Filing 16

MEMORANDUM OPINION. Signed by Judge Amy Berman Jackson on 6/23/2017.(lcabj3)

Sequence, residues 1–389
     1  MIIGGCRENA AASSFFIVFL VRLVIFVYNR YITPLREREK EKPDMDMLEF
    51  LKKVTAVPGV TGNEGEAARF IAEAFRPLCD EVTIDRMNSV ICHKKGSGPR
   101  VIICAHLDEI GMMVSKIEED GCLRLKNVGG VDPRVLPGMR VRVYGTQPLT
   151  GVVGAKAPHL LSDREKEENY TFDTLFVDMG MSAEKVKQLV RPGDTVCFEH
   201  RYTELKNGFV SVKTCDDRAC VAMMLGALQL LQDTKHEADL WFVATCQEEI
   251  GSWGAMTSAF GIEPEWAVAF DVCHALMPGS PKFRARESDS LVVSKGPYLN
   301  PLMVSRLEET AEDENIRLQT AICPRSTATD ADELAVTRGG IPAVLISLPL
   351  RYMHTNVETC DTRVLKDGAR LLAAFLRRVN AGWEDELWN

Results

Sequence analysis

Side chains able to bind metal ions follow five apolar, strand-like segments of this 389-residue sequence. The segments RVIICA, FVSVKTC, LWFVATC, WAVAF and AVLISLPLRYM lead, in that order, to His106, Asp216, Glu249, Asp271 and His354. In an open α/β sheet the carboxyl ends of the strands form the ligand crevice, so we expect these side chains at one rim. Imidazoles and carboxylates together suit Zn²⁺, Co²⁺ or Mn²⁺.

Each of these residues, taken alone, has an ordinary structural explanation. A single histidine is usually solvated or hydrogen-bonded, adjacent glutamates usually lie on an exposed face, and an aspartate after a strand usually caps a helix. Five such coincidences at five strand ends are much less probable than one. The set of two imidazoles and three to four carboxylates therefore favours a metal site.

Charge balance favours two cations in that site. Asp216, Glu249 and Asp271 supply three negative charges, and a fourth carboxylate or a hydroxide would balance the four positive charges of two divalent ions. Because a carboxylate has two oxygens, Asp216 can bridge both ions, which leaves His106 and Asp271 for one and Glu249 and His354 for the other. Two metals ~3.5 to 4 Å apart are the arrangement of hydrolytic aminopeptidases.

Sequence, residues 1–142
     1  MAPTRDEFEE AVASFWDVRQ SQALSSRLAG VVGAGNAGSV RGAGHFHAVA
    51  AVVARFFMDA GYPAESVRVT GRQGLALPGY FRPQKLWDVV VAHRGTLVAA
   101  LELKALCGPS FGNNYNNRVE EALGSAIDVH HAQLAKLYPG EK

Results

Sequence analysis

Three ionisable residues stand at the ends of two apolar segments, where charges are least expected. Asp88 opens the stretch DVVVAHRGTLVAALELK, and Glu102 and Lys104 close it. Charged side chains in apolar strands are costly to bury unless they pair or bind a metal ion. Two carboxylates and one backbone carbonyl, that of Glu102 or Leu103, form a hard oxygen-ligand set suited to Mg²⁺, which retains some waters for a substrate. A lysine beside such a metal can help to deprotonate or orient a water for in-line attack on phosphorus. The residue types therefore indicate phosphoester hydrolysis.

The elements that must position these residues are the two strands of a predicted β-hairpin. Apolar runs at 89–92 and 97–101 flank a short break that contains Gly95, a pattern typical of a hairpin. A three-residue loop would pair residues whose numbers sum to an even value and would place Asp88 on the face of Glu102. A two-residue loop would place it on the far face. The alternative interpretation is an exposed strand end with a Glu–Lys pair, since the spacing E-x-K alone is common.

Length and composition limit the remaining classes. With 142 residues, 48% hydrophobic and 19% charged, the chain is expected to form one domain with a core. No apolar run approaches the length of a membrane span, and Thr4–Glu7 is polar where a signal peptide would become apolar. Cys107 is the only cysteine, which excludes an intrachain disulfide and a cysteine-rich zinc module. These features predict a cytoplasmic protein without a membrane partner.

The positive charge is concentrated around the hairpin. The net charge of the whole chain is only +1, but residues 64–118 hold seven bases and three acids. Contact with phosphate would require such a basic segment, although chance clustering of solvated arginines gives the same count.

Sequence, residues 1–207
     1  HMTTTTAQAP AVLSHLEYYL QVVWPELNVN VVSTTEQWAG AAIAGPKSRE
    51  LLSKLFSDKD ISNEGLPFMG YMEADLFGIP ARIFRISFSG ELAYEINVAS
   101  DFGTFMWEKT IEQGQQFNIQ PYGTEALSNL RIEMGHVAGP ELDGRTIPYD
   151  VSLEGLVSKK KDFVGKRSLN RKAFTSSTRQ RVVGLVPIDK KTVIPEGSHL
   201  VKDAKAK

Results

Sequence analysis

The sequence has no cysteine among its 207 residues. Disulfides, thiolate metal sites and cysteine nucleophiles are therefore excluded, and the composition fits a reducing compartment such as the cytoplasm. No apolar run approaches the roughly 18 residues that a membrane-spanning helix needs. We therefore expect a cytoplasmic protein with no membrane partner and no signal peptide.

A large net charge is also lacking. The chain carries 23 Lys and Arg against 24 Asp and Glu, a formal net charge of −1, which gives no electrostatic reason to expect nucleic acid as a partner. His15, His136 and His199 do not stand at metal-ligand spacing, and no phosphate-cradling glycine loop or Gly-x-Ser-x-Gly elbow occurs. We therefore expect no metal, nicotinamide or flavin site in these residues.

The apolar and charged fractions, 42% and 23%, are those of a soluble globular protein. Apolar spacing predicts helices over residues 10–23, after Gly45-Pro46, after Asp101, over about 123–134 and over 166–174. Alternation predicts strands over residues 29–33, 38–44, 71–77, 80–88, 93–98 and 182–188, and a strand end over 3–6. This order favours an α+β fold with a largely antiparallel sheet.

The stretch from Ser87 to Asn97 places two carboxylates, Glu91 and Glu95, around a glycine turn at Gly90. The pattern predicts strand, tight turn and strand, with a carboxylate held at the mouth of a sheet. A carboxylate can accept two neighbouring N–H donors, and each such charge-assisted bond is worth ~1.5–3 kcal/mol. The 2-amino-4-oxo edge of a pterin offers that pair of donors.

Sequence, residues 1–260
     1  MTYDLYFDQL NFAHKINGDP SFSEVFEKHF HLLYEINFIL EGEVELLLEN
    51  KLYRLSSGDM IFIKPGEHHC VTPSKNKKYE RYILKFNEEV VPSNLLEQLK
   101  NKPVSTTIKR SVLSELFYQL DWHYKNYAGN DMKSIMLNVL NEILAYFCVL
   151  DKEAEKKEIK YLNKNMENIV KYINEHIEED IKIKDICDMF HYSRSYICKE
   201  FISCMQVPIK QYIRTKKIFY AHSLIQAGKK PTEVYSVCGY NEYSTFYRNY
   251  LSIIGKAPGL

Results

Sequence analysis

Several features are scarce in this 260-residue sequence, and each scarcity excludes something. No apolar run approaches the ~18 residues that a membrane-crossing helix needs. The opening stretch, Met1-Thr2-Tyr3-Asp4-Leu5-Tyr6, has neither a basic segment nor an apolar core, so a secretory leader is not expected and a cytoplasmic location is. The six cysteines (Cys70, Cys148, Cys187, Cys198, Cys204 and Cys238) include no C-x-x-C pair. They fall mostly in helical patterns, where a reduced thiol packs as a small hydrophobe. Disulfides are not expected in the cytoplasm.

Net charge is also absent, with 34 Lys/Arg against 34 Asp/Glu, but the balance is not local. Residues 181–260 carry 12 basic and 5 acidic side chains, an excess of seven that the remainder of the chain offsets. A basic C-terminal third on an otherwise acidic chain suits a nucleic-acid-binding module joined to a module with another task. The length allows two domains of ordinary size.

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UNITED STATES DISTRICT COURT FOR THE DISTRICT OF COLUMBIA ____________________________________ ) TK SERVICES, INC., ) ) Plaintiff, ) ) v. ) Civil Action No. 17-1152 (ABJ) ) RWD CONSULTING, LLC, ) ) Defendant. ) ____________________________________) MEMORANDUM OPINION Plaintiff TK Services, Inc. (“TKS”) has brought this breach of contract action against defendant RWD Consulting, LLC (“RWD”). TKS alleges that RWD wrongfully breached an agreement between the parties by excluding it from working on a government contract, and that RWD converted TKS’s property by unlawfully removing contract funds belonging to TKS from a jointly controlled bank account. Compl. [Dkt. # 1]. After the complaint was filed, TKS filed a motion for a preliminary injunction. Pl.’s Mot. for Prelim. Inj. [Dkt. # 2] (“PI Mot.”); Mem. of P. & A. in Supp. of Mot. [Dkt. # 2] (“PI Mem.”). Defendant opposed the motion, Mem. of P. & A. in Opp. to PI Mot. [Dkt. # 10] (“PI Opp.”), and it also filed a motion to dismiss and to compel arbitration. Def.’s Mot. to Dismiss Pl.’s Compl. & Compel Arb. [Dkt. # 8] (“Def.’s Mot.”). Plaintiff filed a reply in support of its motion for a preliminary injunction, and an opposition to the motion to dismiss and to compel arbitration. Pl.’s Reply Br. in Supp. of PI Mot. [Dkt. # 12] (“Pl.’s Reply”); Mem. of P. & A. in Resp. to Def.’s Mot. [Dkt. # 13] (“Pl.’s Opp.”). For the reasons set forth below, the Court concludes that the arbitration agreement is enforceable, that TKS must arbitrate its claims against RWD, and that TKS is not entitled to an injunction in aid of the arbitration. Therefore, it will grant defendant’s motions to dismiss and compel arbitration, and it will deny the motion for a preliminary injunction as moot. BACKGROUND TKS is a Virginia corporation; its business is government contracting, and it specializes in providing engineering, maintenance, and operational services for government facilities managed by the General Services Administration. Compl. ¶ 7. In early 2016, TKS began to discuss a proposal with RWD, a Virginia company owned and managed by Robert W. Dozier, Jr., to provide operations and maintenance services for the EPA headquarters located at 1201 Constitution Avenue NW in Washington. Id. ¶ 9. TKS was aware of the opportunity because it was the incumbent subcontractor at the time, working as a subcontractor to Chimes DC. Id. On February 23, 2016, in anticipation of RWD’s receiving a subcontract from Chimes, TKS and RWD entered into a Mentor Subcontractor’s Service Agreement. Compl. ¶ 11; Decl. of Robert Dozier, Jr. [Dkt. # 10-1] (“Dozier Decl.”) ¶ 7; Ex. A to Compl. [Dkt. # 1] (“Mentor Agreement”). On July 1, 2016, Chimes awarded a subcontract to RWD, which the parties refer to as the “Chimes Contract.” Compl. ¶ 12; Dozier Decl. ¶ 9. Under the Chimes Contract, RWD became the prime subcontractor responsible for providing operation and maintenance-related services for the EPA building. Compl. ¶ 12; Dozier Decl. ¶ 9. TKS and RWD then agreed that any work performed under the Chimes Contract would be performed in accordance with the Mentor Agreement. Compl. ¶ 12; Dozier Decl. ¶ 9. Under the Mentor Agreement, TKS was responsible for managing the work required by the Chimes Contract. Compl. ¶ 16; Dozier Decl. ¶ 15; Mentor Agreement at 8. TKS would receive all of the profits under the Chimes Contract, but it was required to pay RWD a fee of $5,000 per month. Compl. ¶ 16; Dozier Decl. ¶ 21; Mentor Agreement at 9. 2 The Mentor Agreement required that all funds received under the Chimes Contract were to be deposited into a joint bank account to which both TKS and RWD were signatories. Compl. ¶ 17; Dozier Decl. ¶ 10; Mentor Agreement at 9. Money could only be withdrawn from the joint account under the terms provided for in the Mentor Agreement. Compl. ¶ 17; Mentor Agreement at 9–10. TKS alleges that it was entitled to a payment of $275,051.47 for the profits attributable to the Chimes Contract, but that it was only paid $210,000. Id. ¶ 20. 1 The contract also provided that TKS was required to provide “working capital” for the work to be done on the Chimes Contract, and the agreement prohibited RWD from withdrawing any portion of those funds. Mentor Agreement at 8. TKS alleges that it contributed over $140,000 in working capital to the joint account. Compl. ¶ 18. The Mentor Agreement also governed the distribution of profits arising from “reimbursable projects” that were separate from the Chimes Contract. Mentor Agreement at 9. Fifty-one percent of those profits were to be distributed to RWD, and forty-nine percent of the profits were to be distributed to TKS. Id. TKS alleges that it is entitled to its share of those profits for the period between July 1, 2016 and March 24, 2017, which it calculates to be $38,121.13. Compl. ¶ 22. The complaint states that TKS has not been paid its share of the profits for the reimbursable projects. Id. TKS also alleges that it supplied equipment valued in excess of $22,500 that was to be used to fulfill the parties’ obligations under the Chimes Contract. Compl. ¶ 23. 1 The Chief Executive Officer of RWD, Robert Dozier, states in a declaration that TKS held a debit card for the joint account, and that the Special Controller for TKS, William Arnold, signed all checks related to the joint account. Dozier Decl. ¶¶ 2, 11. RWD’s principal also avers that it was this TKS employee that was “responsible for protecting TKS’ interest in the Deposit Account and ensuring that TKS received its share of profits and distributions under the Agreement.” Id. 3 According to TKS, on March 23, 2017, without prior warning or notice, RWD withdrew all of the funds from the joint account – a total of approximately $35,000 – and it terminated TKS’s online access to the joint bank account. Compl. ¶ 24. TKS alleges that RWD took actions to exclude TKS from accessing the EPA building, and that RWD took steps to unilaterally terminate the Mentor Agreement. Id. ¶ 25. 2 Based on these facts, TKS sued for breach of contract on June 13, 2017, and it states that – in addition to the value of its equipment – it is entitled to a minimum of $34,000 per month of profit for the months of March and April 2017, and that it continues to be damaged in that amount for each month that it is excluded from the EPA building. Id. ¶¶ 29–31. Count I of the complaint alleges that RWD breached the Mentor Agreement by unilaterally terminating it, and by not properly compensating TKS. Compl. ¶¶ 32–39. In Count II, TKS alleges that RWD is liable for conversion of funds that rightfully belong to TKS. Id. ¶¶ 40–51. Count III alleges that RWD has been unjustly enriched by its improper conduct. Id. ¶¶ 52–59. And Count IV requests equitable and injunctive relief, including an accounting, an award of pre-judgment attachment of funds, and an injunction that requires the profits from the Chimes Contract to be sequestered, prevents RWD from excluding TKS from the EPA building and from the joint bank account, and reinstates TKS to its prior role under the Mentor Agreement. Id. ¶¶ 60–66. Pursuant to Federal Rule of Civil Procedure 62, TKS filed a motion for a preliminary injunction based on the same factual allegations. PI Mot. 2 RWD paints a different picture in its pleadings. In a declaration submitted in opposition to the motion for preliminary injunction, Robert Dozier, the Chief Executive Officer of RWD, avers that the termination of the contract was due to complaints about TKS’s management of the payroll system, and its failure to address certain issues at the EPA building. Dozier Decl. ¶¶ 18, 20. RWD admits that it terminated TKS’s access to the joint account, Dozier Decl. ¶ 29, but it contests the allegation that it did so without notice. See id. ¶ 18. 4 The complaint and motion for preliminary injunction are premised upon the Mentor Agreement, but the contract contains an arbitration clause: ARBITRATION. Any controversy or claim between the PARTIES arising out of or in connection with this Agreement, including any claim concerning an alleged breach hereof, shall be subject to final settlement by arbitration. Notice of demand by any PARTY for arbitration of any matter must be given to the other PARTIES within one (1) year from the date on which the controversy occurred or the claim arose. The arbitration shall be conducted by a single arbitrator in accordance with the Rules of Arbitration of the American Arbitration Association, as then in effect. If and to the extent that it is necessary or appropriate to refer to and apply the law of a particular jurisdiction in reaching a decision on any matter submitted to arbitration under this clause, the arbitrator shall be authorized and directed to refer to and apply the laws of the State where the FACILITY is located. The award rendered by the arbitrator shall be final and binding on all PARTIES and judgment may be entered upon such award by any court having jurisdiction over the PARTY against which the award is sought to be enforced. In no event shall this paragraph be construed as conferring upon any court authority to inquire into and review any such award on its merits. Each PARTY shall bear its own costs in connection with any arbitration proceedings, except that fees or other charges of the arbitrator or of the American Arbitration association shall be borne equally by the Parties. Mentor Agreement ¶ 11. STANDARD OF REVIEW I. Motion to compel arbitration By enacting the Federal Arbitration Act, Congress adopted “a liberal federal policy favoring arbitration agreements, notwithstanding any state substantive or procedural policies to the contrary.” Moses H. Cone Mem’l Hosp. v. Mercury Constr. Corp., 460 U.S. 1, 24 (1983). The FAA provides that an arbitration agreement “shall be valid, irrevocable, and enforceable, save upon any grounds as exist at law or in equity for the revocation of any contract.” 9 U.S.C. § 2. However, since arbitration is a matter of contract, parties cannot be compelled to arbitrate their 5 disputes unless they have agreed to do so. First Options of Chi., Inc. v. Kaplan, 514 U.S. 938, 943 (1995). When one party resists arbitration, the opposing party may petition any United States district court that would otherwise have subject-matter jurisdiction “for an order directing that such arbitration proceed in the manner provided for in [their written arbitration] agreement.” 9 U.S.C. § 4. When presented with such a motion, the court should bear in mind that the FAA creates a strong presumption favoring the enforcement of arbitration agreements, and that “any doubts concerning the scope of arbitrable issues should be resolved in favor of arbitration.” Moses H. Cone, 460 U.S. at 24–25. “The Supreme Court has set out ‘the proper framework for deciding when disputes are arbitrable.’” Dist. No. 1, Pac. Coast Dist., Marine Eng’rs’ Beneficial Ass’n, AFL–CIO v. Liberty Mar. Corp., 815 F.3d 834, 844 (D.C. Cir. 2016), quoting Granite Rock Co. v. Int’l Bhd. of Teamsters, 561 U.S. 287, 296 (2010). “Under that framework, a court may order arbitration of a particular dispute only where the court is satisfied that the parties agreed to arbitrate that dispute.” Id. (emphasis in original). Though defendant’s motion is styled as a motion to dismiss, a motion that seeks to compel or preclude arbitration is evaluated under the summary judgment standard. Aliron Int’l, Inc. v. Cherokee Nation Indus., Inc., 531 F.3d 863, 865 (D.C. Cir. 2008). “How the parties style the motion seeking arbitration is not determinative.” Booker v. Robert Half Int’l, Inc., 315 F. Supp. 2d 94, 99 (D.D.C. 2004), aff’d, 413 F.3d 77 (D.C. Cir. 2005). Under this standard, the party seeking to compel arbitration must first present “evidence sufficient to demonstrate an enforceable agreement to arbitrate.” Haire v. Smith, Currie & Hancock LLP, 925 F. Supp. 2d 126, 129 (D.D.C. 2013), quoting Hill v. Wackenhut Servs. Int’l, 865 F. Supp. 2d 84, 89 (D.D.C. 2012). “The burden then shifts to [the non-moving party] to show that there is a genuine issue of material fact as to the 6 making of the agreement, using evidence comparable to that identified in Fed. R. Civ. P. 56.” Hill, 865 F. Supp. 2d at 89. The Court will compel arbitration if the pleadings and the evidence show that “there is no genuine issue as to any material fact and that the moving party is entitled to judgment as a matter of law.” Booker, 315 F. Supp. 2d at 99, quoting Fed. R. Civ. P. 56(c). II. Motion for a preliminary injunction A preliminary injunction is an “extraordinary and drastic remedy” that is “never awarded as [a matter] of right.” Munaf v. Geren, 553 U.S. 674, 689–90 (2008) (internal citations omitted). To obtain a preliminary injunction, a plaintiff must make a “clear showing that [it] is entitled to such relief” by establishing that: 1) it is likely to succeed on the merits; 2) it is likely to suffer irreparable harm in the absence of preliminary relief; 3) the balance of equities tips in its favor; and 4) an injunction serves the public interest. Winter v. Natural Res. Def. Council, Inc., 555 U.S. 7, 20, 22 (2008). The manner in which courts should weigh the four factors “remains an open question” in this circuit. Aamer v. Obama, 742 F.3d 1023, 1043 (D.C. Cir. 2014). This Circuit has long adhered to the “sliding scale” approach, where “a strong showing on one factor could make up for a weaker showing on another.” Sherley v. Sebelius, 644 F.3d 388, 392 (D.C. Cir. 2011). But because the Supreme Court’s decision in Winter “seemed to treat the four factors as independent requirements,” the Court of Appeals has “read Winter at least to suggest if not to hold ‘that a likelihood of success is an independent, free-standing requirement for a preliminary injunction.’” Id. at 392–93, quoting Davis v. Pension Benefit Guar. Corp., 571 F.3d 1288, 1296 (D.C. Cir. 2009) (Kavanaugh, J., concurring). The D.C. Circuit has not yet decided whether the “‘sliding scale’ approach remains valid after Winter.” League of Women Voters v. Newby, 838 F.3d 1, 7 (D.C. Cir. 2016). 7 In any event, it remains the law in this Circuit that a movant must demonstrate irreparable harm, which has “always” been “[t]he basis of injunctive relief in the federal courts.” Sampson v. Murray, 415 U.S. 61, 88 (1974), quoting Beacon Theatres, Inc. v. Westover, 359 U.S. 500, 506– 07 (1959). A failure to show irreparable harm is grounds for the court to refuse to issue a preliminary injunction, “even if the other three factors entering the calculus merit such relief.” Chaplaincy of Full Gospel Churches v. England, 454 F.3d 290, 297 (D.C. Cir. 2006); see also GEO Specialty Chems., Inc. v. Husisian, 923 F. Supp. 2d 143, 147 (D.D.C. 2013) (“[A] court may refuse to issue an injunction without considering any other factors when irreparable harm is not demonstrated.”). ANALYSIS There is no dispute in this case that the parties entered into an enforceable agreement to arbitrate. The contract plaintiff attached as an exhibit to its own motion for preliminary injunction contains the binding arbitration clause, see Mentor Agreement ¶ 11, and plaintiff concedes that the clause covers all of the claims in its complaint, except for Count IV, which requests equitable relief. Pl.’s Opp. at 5 (“Plaintiff acknowledges that the counts for breach of contract, unjust enrichment, and conversion that are set forth in the Complaint are subject to arbitration.”). But plaintiff urges the Court to reach the merits of the motion for a preliminary injunction anyway, arguing that the arbitration clause “does not specifically address injunctive or other equitable relief, and it does not provide that arbitration is the sole and exclusive forum for determination of interim injunctive relief.” Id. at 4. This argument is not consistent with the broad, clear, mandatory language of the arbitration clause. The parties agreed that “[a]ny controversy or claim between the [parties] arising out of or in connection with this Agreement, including any claim concerning an alleged breach . . . shall be 8 subject to final settlement by arbitration.” Mentor Agreement ¶ 11 (emphasis added). So the fact that claims for injunctive relief are not specifically mentioned does not lead to the conclusion that they were carved out; the plain reading of the provision suggests that any carve out had to be explicit. This conclusion is bolstered by the fact that an exception for injunctive relief was not necessary because the rules of the arbitral forum provide for interim and injunctive relief. The American Arbitration Association (“AAA”) – the entity to which the parties agreed in the Mentor Agreement to submit disputes – has promulgated rules that govern its arbitrations, including that “[a] party in need of emergency relief prior to the constitution of the panel shall notify the AAA and all other parties in writing of the nature of the relief sought and the reasons why such relief is required on an emergency basis.” Am. Arb. Ass’n., Commercial Arbitration Rules & Mediation Process at 24 (Oct. 1, 2013), Commercial%20Rules.pdf; see also Mentor Agreement ¶ 11 (“The arbitration shall be conducted by a single arbitrator in accordance with the Rules of Arbitration of the American Arbitration Association, as then in effect.”). Plaintiff also contends that the Court has the power to enter an injunction to maintain the status quo while the arbitration is pending. Pl.’s Opp. at 5–6. But the cases cited by plaintiff limit that authority to particular circumstances, and they call for a showing in addition to, and different from, the sort of harm that would support preliminary injunctive relief. “When the parties have agreed to arbitrate a dispute, a court may issue an injunction if, in addition to the usual equitable concerns, the integrity of the arbitration process would be threatened absent interim relief.” Am. Postal Workers Union, AFL-CIO v. USPS, 372 F. Supp. 2d 83, 90–91 (D.D.C. 2005), quoting Int’l Bhd. of Elec. Workers, Local 1900 v. PEPCO, 634 F. Supp. 642, 643 (D.D.C. 1986). “[A]n 9 injunction in aid of arbitration is appropriate . . . only when the actual or threatened harm to the aggrieved party amounts to a frustration or vitiation of arbitration.” Id. at 91, quoting Local Lodge No. 1266, Int’l Ass’n of Machinists & Aerospace Workers, AFL-CIO v. Panoramic Corp., 668 F.2d 276, 286 (7th Cir. 1981). Plaintiff has not begun to make the necessary showing – indeed, it does not expressly argue that there is some threat to the arbitration itself. In its memorandum in support of the motion for a preliminary injunction plaintiff makes a passing statement that RWD is “permanently dissipating the source of funds intended for payment to TKS.” PI Mem. at 5–6. But this unsupported conclusory allegation does not constitute evidence that the integrity of the arbitration is at risk or that RWD will be unable to fund an eventual award. Plaintiff posits that the arbitration process will be “essentially meaningless” absent an injunction because TKS will suffer irreparable harm in the meantime. Pl.’s Opp. at 6. But a showing of irreparable harm is one of the “usual equitable concerns” that a party seeking an injunction must establish in addition to the threat to the arbitration; it is not an independent reason in support of an injunction in aid of arbitration. And, as noted above, if plaintiff is in dire financial straits, it is free to seek interim relief from the arbitrators. Moreover, it is not at all clear that TKS has met its burden to establish irreparable harm. “First, the harm must be ‘certain and great,’ ‘actual and theoretical,’ and so ‘imminent that there is a clear and present need for equitable relief to prevent irreparable harm.’ Second, the harm ‘must be beyond remediation.’” Newby, 838 F.3d at 7–8, quoting Chaplaincy of Full Gospel Churches, 454 F.3d at 297. Plaintiff argues that it has suffered irreparable harm based on “[t]he loss of funds and equipment, the loss of access to the [EPA building], and the continued bad acts by the Defendant 10 in depriving TKS of its lawfully owned property.” PI Mem. at 8. But because economic losses are seldom beyond remediation, “[i]t is . . . well settled that economic loss does not, in and of itself, constitute irreparable harm.” Wis. Gas Co. v. FERC, 758 F.2d 669, 674 (D.C. Cir. 1985); see also Davis, 571 F.3d at 1295. Economic loss can constitute irreparable injury only in limited circumstances: where “monetary loss . . . threatens the very existence of the movant’s business,” Wis. Gas., 758 F.2d at 674, or where the claimed economic loss is “certain, imminent, and unrecoverable.” Nat’l Mining Ass’n v. Jackson, 768 F. Supp. 2d 34, 53 (D.D.C. 2011); see also Sterling Comm. Credit–Mich., LLC v. Phx. Indus. I, LLC, 762 F. Supp. 2d 8, 15 (D.D.C. 2011) (“The critical consideration under this exception is the effect that the purported economic harm will have on a movant’s business or its very existence – not any monetary amount per se.”). In support of its motion for preliminary injunction, plaintiff submitted the declaration of Chief Executive Officer James Kim, who predicted that because “[t]he income from the Mentor Agreement constitutes a large percentage of TKS’s overall revenues[,] [w]ithout this income, TKS will be forced to go out of business in a matter of months.” Verified Statement of James Kim, Ex. B to PI Mot. [Dkt. # 2] ¶ 28. This did little to make the necessary showing of a threat to the company’s very existence, but plaintiff submitted additional detail concerning its finances in its reply. Plaintiff’s financial records show that the loss of the revenue from the contract with RWD will diminish its projected total annual revenue by 17.68%. See Ex. A to Verified Statement of William Arnold [Dkt. # 12-1]. “A claim of substantial financial losses must be evaluated from the perspective of the organization’s total revenues in order to determine if the harm is of a magnitude that warrants injunctive relief.” ConverDyn v. Moniz, 68 F. Supp. 3d 34, 48 (D.D.C. 2014), and the losses in plaintiffs’ projections do not necessarily rise to the level of irreparable harm. See 11 Experience Works, Inc. v. Chao, 267 F. Supp. 2d 93, 96 (D.D.C. 2003) (finding that a reduction of approximately 24% of the plaintiff’s funding would not constitute irreparable harm). Plaintiff presented additional evidence showing that without the income from the subcontract at issue, it will be facing a negative cash flow situation as of August 2017, and this will affect plaintiff’s ability to meet its obligations under a Chapter 11 Reorganization plan filed in the U.S. Bankruptcy Court for the Eastern District of Virginia. Verified Statement of William Arnold, Ex. 1 to Pl.’s Reply [Dkt. # 12-1] ¶¶ 12–13. But the force of plaintiff’s request that the Court respond to this claimed emergency is undermined by plaintiff’s own delay in bringing a lawsuit. While TKS alleges that the contract was breached on March 23, 2017, it waited until June 13, 2017 – almost three months later – to file its complaint and motion for preliminary injunction, and it assumed the risk of further delay by choosing this forum in the face of the binding arbitration clause. See, e.g., Fund for Animals v. Frizzell, 530 F.2d 982, 987 (D.C. Cir. 1975) (finding a 44day delay in bringing a motion for injunctive relief to be “inexcusable”); Newdow v. Bush, 355 F. Supp. 2d 265, 292 (D.D.C. 2005) (“An unexcused delay in seeking extraordinary injunctive relief may be grounds for denial because such delay implies a lack of urgency and irreparable harm.”). 3 Moreover, defendant RWD has come forward with evidence that undercuts plaintiff’s 3 Plaintiff also contends that, in addition to economic damages, it has suffered “damage . . . to [its] business reputation.” Pl.’s Mem. at 9. (“[I]n refusing to honor RWD’s legal, contractual obligations . . . TKS’s business reputation continues to be harmed. Chimes and other government contractors are all parties with whom TKS continuously conducts business. It has nurtured and now greatly relies upon these critical relationships to be able to conduct business. Should those relationships continue to be damaged, TKS will be irreparably harmed.”). But this allegation is wholly conclusory, and it is not a sufficient basis for extraordinary injunctive relief. See Sampson, 415 U.S. at 90–91; Trudeau v. FTC, 384 F. Supp. 2d 281, 296–97 (D.D.C. 2005) (holding that “the showing of reputational harm must be concrete and corroborated, not merely speculative”). 12 characterization of its financial circumstances. See Def.’s Opp. at 14–15. But ultimately, the Court need not resolve these factual questions because it has come to the firm conclusion that it may not. In the end, the answer to the question posed by the motion to compel arbitration and the opposition becomes clear upon a review of the proposed order that plaintiff would have the Court enter, supposedly “to maintain the status quo.”4 Plaintiff has submitted a seven page proposed injunction, which is chock full of findings about the terms of the contract and the strength of plaintiff’s allegations concerning RWD’s alleged breach. See Proposed Order [Dkt. # 14] ¶ 5 (“Plaintiff has properly alleged, and supported by verified statement(s), that Defendant’s termination of Plaintiff under the Mentor Agreement was effected without notice expressly required under the terms and conditions of such agreement.”). And the order would impose the following requirements, among others: A. Defendant shall immediately reinstate Plaintiff to, and Plaintiff should thereafter perform, its operational and financial oversight and management of the building operational and maintenance related services provided for the EPA Building. B. Plaintiff shall perform all contract services required at the EPA Building except those expressly intended for Defendant. ... G. From time to time, follow on or supplemental work may be ordered or requested with respect to the EPA Building (“Reimbursable Projects”). 4 A preliminary injunction is ordinarily sought to preserve the status quo pending the resolution of the underlying litigation. City of Moundridge v. Exxon Mobil Corp., 429 F. Supp. 2d 117, 126 (D.D.C. 2006). It is questionable whether the proposed injunction can fairly be characterized as such an order since plaintiff, which has not been working at the EPA’s headquarters since late March, is asking to be “reinstated.” Proposed Order at 5. Courts have held that a preliminary injunction that would change the status quo is an even more extraordinary remedy. Exxon Mobil Corp., 429 F. Supp. 2d at 126–27; Spadone v. McHugh, 842 F. Supp. 2d 295, 301 (D.D.C. 2012) (“In this Circuit, the power to issue a preliminary injunction, especially a mandatory one, should be sparingly exercised.”), quoting Mylan Pharms., Inc. v. Shalala, 81 F. Supp. 2d 30, 36 (D.D.C. 2000). 13 Income generated or received with respect to each and any such Reimbursable Project shall be distributed as follows: a. All G&A, direct costs and incidental costs associated with a Reimbursable Project shall first be paid to Plaintiff on a monthly basis after receipt of payment for services. b. The net profits from any Reimbursable Project shall thereafter accrue to the parties in the following percentages: 51% to Defendant and 49% to Plaintiff, with such profits being distributable on a monthly basis after payment of all G&A, direct and indirect expenses associated with each such Reimbursable Project. Proposed Order at 5–6. While the Eighth Circuit stands alone in its view that any preliminary injunction in aid of arbitration would be prohibited, the Court agrees with that court’s observation that “the judicial inquiry requisite to determine the propriety of injunctive relief necessarily would inject the court into the merits of issues more appropriately left to the arbitrator.” Merrill Lynch, Pierce, Fenner & Smith, Inc. v. Hovey, 726 F.2d 1286, 1292 (8th Cir. 1984). The four-pronged analysis necessary under Rule 65, and particularly, the inquiry TKS is asking the Court to undertake in order to grant the specific relief it is seeking here, is a merits based inquiry. Since the merits of the contract dispute and the preliminary injunction requested in this case are inextricably intertwined, the Court cannot treat the motion for a preliminary injunction separately from the complaint to which it is attached, and it must dismiss the case. For all of these reasons, the motion to compel arbitration will be granted, and the motion for a preliminary injunction will be denied as moot. AMY BERMAN JACKSON United States District Judge DATE: June 23, 2017 14